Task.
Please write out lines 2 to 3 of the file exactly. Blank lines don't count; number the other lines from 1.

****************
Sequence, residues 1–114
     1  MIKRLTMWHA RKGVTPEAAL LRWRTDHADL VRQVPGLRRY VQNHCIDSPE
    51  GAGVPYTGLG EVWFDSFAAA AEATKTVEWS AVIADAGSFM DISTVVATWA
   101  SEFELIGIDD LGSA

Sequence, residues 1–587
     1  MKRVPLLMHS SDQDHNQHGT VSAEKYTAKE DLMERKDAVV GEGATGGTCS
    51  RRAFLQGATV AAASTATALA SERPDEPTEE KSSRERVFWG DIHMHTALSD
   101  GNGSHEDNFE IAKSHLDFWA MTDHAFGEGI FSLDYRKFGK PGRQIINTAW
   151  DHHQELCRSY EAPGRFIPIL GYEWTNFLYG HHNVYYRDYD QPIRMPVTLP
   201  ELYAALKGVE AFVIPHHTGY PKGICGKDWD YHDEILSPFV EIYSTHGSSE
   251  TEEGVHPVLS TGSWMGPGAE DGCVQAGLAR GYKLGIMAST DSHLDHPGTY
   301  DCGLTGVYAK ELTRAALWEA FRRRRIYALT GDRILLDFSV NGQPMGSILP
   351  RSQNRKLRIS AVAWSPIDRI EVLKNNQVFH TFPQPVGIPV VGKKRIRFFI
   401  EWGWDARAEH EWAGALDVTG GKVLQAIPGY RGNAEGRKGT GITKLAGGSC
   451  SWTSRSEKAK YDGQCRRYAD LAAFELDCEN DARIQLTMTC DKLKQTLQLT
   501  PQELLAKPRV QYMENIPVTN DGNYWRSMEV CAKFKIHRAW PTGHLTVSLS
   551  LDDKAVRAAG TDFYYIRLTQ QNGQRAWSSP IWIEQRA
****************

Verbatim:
     1  MIKRLTMWHA RKGVTPEAAL LRWRTDHADL VRQVPGLRRY VQNHCIDSPE
    51  GAGVPYTGLG EVWFDSFAAA AEATKTVEWS AVIADAGSFM DISTVVATWA